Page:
With all of the noise about cloud computing, data center consolidation and transparent government, you could almost forget the government is under mandate to make sure networks incorporate IPv6 — the new Internet protocol that gives all sorts of security benefits.
Qwest Communications says not only is there plenty of room in the IPv6 pool, next-generation security is baked in.
Pieter Poll is chief technology officer at the company and says the government isn’t really doing anything different than anyone in the private sector, and the transition is moving slowly — but for a reason.
“I think everyone’s being careful just to make sure that the Internet as we know it is not disrupted. . . . Today we use a version of IP address which is called IP version 4. There are four billion of those addresses, in theory, but when you think that we currently have 6.8 billion on Earth, you can see that we have fewer than one address per person.”
And those addresses are running out. Poll says most analysts project that Internet addresses will be exhausted sometime in the first half of next year.
He likens it to when the D.C. area ran out of phone numbers a few years ago. When this happened, new area codes were created (240 in Maryland and 571 in Virginia) — and Ipv6 will do something similar for the Web.
But that’s not the only benefit.
“The key advantage of Ipv6 is the security. In IPv4, if you were going to implement security on top of an Internet connection, you basically have to implement that yourself as part of the application, or part of the equipment — the routers, basically — that are carrying the traffic. IPSEC, as it’s called, is actually inherent and mandatory in IP version 6. So, all connections in IP version 6 are encrypted by default.”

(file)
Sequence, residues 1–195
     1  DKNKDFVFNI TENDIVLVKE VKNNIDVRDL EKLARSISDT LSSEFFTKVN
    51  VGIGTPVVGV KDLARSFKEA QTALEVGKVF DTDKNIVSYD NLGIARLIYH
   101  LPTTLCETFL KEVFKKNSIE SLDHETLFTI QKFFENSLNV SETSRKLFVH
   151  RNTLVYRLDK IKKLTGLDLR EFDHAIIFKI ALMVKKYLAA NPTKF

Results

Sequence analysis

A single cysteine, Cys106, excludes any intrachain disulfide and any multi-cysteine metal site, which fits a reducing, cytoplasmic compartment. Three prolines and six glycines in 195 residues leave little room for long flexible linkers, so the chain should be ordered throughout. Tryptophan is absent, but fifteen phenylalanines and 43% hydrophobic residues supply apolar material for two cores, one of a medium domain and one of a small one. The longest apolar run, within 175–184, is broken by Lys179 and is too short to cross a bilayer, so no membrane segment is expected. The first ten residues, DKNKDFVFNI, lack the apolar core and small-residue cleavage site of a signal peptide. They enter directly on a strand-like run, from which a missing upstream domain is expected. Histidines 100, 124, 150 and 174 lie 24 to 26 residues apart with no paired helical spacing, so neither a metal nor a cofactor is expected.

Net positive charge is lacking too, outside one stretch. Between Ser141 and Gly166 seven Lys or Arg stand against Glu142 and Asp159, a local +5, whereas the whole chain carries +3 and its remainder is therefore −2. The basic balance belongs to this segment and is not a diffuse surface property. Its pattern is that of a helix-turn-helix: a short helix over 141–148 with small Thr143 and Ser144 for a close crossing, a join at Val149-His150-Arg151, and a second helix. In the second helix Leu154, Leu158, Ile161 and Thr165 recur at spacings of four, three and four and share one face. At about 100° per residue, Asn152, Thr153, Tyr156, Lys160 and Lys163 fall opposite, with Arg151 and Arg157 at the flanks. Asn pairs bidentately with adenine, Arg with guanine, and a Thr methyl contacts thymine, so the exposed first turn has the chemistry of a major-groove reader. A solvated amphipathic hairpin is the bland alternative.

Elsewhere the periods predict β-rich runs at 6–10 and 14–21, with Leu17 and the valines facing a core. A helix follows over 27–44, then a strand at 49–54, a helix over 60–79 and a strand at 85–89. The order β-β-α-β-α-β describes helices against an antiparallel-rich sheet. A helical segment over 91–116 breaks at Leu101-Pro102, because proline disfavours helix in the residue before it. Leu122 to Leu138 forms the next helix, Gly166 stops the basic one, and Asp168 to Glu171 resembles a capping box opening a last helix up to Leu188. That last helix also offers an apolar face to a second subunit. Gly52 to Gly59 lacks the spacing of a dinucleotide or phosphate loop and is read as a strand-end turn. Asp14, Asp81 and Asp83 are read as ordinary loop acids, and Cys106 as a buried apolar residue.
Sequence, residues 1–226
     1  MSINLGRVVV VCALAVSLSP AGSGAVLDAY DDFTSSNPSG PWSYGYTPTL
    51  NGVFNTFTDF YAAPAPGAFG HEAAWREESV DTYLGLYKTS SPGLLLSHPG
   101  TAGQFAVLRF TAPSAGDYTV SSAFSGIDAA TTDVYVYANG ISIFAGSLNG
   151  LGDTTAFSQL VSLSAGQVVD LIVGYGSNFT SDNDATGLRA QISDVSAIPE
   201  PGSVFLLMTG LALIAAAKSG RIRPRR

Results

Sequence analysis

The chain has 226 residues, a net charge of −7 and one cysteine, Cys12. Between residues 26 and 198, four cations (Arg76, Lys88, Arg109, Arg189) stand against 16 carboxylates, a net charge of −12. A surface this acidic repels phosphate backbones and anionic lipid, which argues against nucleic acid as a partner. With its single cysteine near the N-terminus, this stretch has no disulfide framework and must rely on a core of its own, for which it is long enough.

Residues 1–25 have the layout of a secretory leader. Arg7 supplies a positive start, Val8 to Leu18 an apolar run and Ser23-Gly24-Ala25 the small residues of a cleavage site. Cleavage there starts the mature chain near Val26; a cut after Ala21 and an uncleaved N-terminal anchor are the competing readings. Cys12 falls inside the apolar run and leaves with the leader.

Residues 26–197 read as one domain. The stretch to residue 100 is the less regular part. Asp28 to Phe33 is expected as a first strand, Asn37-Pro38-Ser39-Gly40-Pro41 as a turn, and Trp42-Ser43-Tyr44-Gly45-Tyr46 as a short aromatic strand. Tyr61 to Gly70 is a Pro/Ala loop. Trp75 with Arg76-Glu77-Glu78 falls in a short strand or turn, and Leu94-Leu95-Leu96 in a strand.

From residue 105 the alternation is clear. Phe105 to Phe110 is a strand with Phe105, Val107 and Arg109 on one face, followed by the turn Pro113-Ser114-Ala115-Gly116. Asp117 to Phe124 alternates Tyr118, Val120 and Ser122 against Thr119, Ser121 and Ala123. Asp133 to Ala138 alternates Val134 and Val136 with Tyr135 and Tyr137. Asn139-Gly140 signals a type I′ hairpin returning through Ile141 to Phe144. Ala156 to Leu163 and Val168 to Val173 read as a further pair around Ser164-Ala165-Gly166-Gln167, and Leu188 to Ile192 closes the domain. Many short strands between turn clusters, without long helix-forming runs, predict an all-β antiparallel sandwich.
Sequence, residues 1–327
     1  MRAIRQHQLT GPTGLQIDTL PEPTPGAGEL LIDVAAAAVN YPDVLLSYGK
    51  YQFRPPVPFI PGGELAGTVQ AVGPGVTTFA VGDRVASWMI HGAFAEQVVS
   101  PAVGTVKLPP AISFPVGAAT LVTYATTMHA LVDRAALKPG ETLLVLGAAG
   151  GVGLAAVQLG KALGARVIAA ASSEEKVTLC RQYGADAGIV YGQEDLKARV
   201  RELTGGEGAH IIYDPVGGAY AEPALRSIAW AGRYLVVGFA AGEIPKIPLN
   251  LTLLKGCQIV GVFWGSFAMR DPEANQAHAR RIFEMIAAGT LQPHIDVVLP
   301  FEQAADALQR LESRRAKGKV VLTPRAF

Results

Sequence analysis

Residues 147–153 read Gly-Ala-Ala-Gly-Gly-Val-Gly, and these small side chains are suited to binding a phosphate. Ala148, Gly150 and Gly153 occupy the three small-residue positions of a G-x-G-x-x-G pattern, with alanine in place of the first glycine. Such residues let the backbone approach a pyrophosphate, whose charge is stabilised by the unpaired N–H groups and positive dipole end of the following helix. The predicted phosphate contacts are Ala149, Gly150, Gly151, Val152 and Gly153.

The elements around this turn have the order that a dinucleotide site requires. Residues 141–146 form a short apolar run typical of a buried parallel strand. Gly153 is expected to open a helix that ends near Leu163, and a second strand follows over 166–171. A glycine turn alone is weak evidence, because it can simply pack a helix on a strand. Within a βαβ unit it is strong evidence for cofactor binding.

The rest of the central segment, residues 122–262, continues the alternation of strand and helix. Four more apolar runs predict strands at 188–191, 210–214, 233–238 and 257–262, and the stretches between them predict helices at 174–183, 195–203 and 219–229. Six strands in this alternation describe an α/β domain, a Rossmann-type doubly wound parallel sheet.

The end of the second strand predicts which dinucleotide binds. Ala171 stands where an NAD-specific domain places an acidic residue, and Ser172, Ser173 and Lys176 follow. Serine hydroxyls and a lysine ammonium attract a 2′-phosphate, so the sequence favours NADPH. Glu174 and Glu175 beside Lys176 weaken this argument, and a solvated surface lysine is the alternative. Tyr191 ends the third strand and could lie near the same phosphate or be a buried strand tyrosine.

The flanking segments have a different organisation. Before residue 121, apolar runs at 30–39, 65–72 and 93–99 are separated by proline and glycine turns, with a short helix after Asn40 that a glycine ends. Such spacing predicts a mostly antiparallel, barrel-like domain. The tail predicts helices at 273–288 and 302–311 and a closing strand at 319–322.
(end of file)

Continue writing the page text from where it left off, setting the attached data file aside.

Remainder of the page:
As far as the transition, Poll says CIOs and IT managers in both the public and private spheres are not only being careful to not disrupt the business of their enterprises, but they’re also trying to make sure that they’re ready.
“It’s sort of an obvious statement, but what I tell the CIOs is [they] really need to think about the problem it is that [they are] trying to solve. The first thing you have to make sure of is that you don’t cut yourself off from others on the Internet. . . . As you go further ahead, you have to think about the transition of your enterprise infrastructure. Then, if you’re someone like Qwest, you also have to think about it from the perspective of a carrier — how do you make sure that the backbone of the global Internet is going to continue to work also in both v4 and v6 environments.”
One of the more interesting challenges associated with the transition has to do with the fact that there is no exact date as to when the v4 addresses will run out.
With no specific target date in sight, CIOs and other IT workers have had to get creative, but Poll says there are a couple of things to keep in mind.
Upgrading equipment, such as routers, can be fairly straightforward. One simply has to replace an older piece of technology with a newer one. The real test comes when coding is involved.
“The key thing I encourage people to do, however, is look at their applications. A lot of applications were . . . written in a way that they talk to the operating system and have the operating system really worry about the issues of addresses. But, in some cases, just like in Y2K, where we had two digit versus four digit years, the concept of Ipv4 is embedded throughout the application and you actually have to go and rewrite that to make sure that it works. And we’re talking here about applications — it could be an email application, right up to federal payroll.”
Once the transition happens, we probably won’t run out of addresses for awhile. Poll says Ipv6 will allow there to be 5 28 IP addresses for every person that is currently alive.
Tom Temin is the host of The Federal Drive, which airs from 6-10 a.m. on 1500 AM in the Washington, D.C. region and online everywhere. Tom has 30 years experience in journalism, mostly in technology markets. Before coming to Federal News Radio, he was a long-serving editor-in-chief of Government Computer News and Washington Technology magazines.